How to Make Custom Sized Storage Boxes
First of all, let me just say that I had absolutely no intention of making boxes for our front closet.
After James had made these cubby holes/shelves for it, I had planned on buying some bins or boxes to store the mess that you see on them in the photo below.
Well that didn’t happen.
See, for almost a year (because that photo is from last summer) I searched everywhere I could and still could not find boxes and bins that fit the measurements of those cubby holes.
You know how when you go to a blog and they do some kick ass IKEA hack and turn bookcases into built in’s or a bench under a window because that piece of furniture was the exact measurement that fit in that exact space in their home? Well our home is like the opposite of that.
Doesn’t matter where, there is always some room or area that is 3/4″ too long or 1.5″ too short, for any pre-store bought item to fit into it. It’s one of the top reasons we do so many custom DIY projects. We just can’t find the items in the stores. Trust me, I would like to find some of them in the stores.
The cubby holes were no exception just due to the distance between the inside wall to the door frame.
So for almost a year I searched and we lived with that epic mess of mittens falling down, hats toppling over each other and grocery bags squished in. Finally I admitted defeat and said I needed to sort out a way to make some because I could not stand looking at the mess anymore.
Now, I didn’t want anything heavy that could fall on my kids feet, so wood was out of the question. I didn’t want all fabric ones as they can get floppy and lose their shape over time. I needed a lightweight material that could still maintain a box shape and look a little cleaner.
Elmer’s Craft Foam boards. They’re in every single Dollarama and Dollar Tree around and will run you $1.25 a board.
These foam boards measure 20″ W x 30″ H.
I was making boxes that were an irritating 10″ W x 11.5″ D x 10.5″ H. Or something like that.
First, I measured out my template pieces and then using an X-acto knife and a ruler, I cut out the foam pieces over a cutting board.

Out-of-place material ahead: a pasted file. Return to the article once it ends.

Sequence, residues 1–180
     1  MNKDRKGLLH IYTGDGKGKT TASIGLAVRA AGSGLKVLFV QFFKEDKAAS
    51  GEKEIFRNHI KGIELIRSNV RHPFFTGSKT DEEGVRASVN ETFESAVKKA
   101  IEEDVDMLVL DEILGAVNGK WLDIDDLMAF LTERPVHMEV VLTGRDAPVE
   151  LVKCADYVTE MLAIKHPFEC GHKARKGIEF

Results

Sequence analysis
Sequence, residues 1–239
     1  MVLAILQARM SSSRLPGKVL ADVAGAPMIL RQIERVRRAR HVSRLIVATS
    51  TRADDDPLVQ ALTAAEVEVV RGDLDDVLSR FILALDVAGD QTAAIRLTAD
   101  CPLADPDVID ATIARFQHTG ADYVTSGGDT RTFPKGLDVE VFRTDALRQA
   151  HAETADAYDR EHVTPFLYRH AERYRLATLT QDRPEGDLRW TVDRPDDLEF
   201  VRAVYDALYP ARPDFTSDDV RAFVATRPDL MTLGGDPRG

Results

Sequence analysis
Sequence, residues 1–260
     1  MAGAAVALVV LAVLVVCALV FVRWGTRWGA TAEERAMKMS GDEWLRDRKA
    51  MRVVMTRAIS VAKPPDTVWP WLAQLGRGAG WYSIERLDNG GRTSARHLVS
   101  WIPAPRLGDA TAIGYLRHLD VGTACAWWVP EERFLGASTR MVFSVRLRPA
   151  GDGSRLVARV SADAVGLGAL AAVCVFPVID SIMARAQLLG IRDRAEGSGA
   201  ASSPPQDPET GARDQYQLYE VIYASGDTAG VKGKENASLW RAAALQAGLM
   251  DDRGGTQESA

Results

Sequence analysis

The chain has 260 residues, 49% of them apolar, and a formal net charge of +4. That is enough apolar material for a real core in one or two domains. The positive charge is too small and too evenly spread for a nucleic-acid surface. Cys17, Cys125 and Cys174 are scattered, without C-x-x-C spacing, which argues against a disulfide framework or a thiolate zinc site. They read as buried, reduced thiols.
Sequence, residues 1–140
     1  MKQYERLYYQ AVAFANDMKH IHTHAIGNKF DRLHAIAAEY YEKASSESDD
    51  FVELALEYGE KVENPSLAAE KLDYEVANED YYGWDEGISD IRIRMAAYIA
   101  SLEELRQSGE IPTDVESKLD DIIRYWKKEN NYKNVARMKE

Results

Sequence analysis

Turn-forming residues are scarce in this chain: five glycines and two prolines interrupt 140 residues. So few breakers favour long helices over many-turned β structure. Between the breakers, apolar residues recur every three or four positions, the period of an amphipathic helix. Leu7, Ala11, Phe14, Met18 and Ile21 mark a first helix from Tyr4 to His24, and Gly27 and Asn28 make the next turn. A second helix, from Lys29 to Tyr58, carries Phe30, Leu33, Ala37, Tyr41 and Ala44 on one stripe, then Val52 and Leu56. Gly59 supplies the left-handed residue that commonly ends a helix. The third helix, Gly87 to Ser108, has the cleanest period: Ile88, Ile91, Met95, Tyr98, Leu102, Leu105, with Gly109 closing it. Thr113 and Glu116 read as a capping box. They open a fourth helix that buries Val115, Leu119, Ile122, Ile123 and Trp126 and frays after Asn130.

By the way, this tutorial should also be a huge lesson in how not to take photos for a tutorial. First don’t pick a day where it’s raining and insanely dark outside. Second don’t try to take photos of white boards on cream carpet, then add cream coloured drop cloth to that mix and except a good result.
I apologize. I was in one of those I need to get these made moods. There is so much beige and cream in this post I can’t even handle it.
Once my pieces were all cut out, I then used white duct tape, and taped the pieces together.
I made 5 boxes and kept one as a template to have.
Voila! Your very own custom sized storage boxes. These cost me $5 in foam boards and $1.25 in white duct tape.
Now how you decorate yours, is up to you. Washi tape, yarn, fabric, twine, cord, stickers, felt, glitter, wood veneer, pom poms, flowers, paper…whatever floats your boat.
I went with drop cloth. I used my template pieces to cut out a swiss cross pattern from the drop cloth for each box.
Then used spray adhesive to glue the fabric to the boxes. I used Aleene’s Tacky Spray.
For the handles I re-used handles from an old worn down tote bag that were faux leather and went to get some more binding screws to attach the straps to the boxes.
And now I had myself some nice storage boxes.
For the record, as I’ve read some questions about what the hell binding posts are. This is what they are called in Home Depot – Chicago Screws.
And this is what they’re called at Lowe’s – Binding Posts.
I just used them in my leather lantern project. Why they’re called two different names, I have no idea. But they’re the same thing. And you can get them in whatever depth that you need for your project. And you can also buy then online in bulk.
For these I used binding posts that were 3/8″.
And now our tiny closet in our tiny entryway that I complain about all the time, is starting to look a little nicer. They’ve very sturdy and yet lightweight so I am very happy with how they turned out.
But I’ll be honest, if I was to do it all again, I probably would have made them with a darker fabric. Because I am pretty sure as nice and clean as they look now, in a years time and another Canadian winter, I am going to be hunting down grey felt.
Good thing I made an extra template.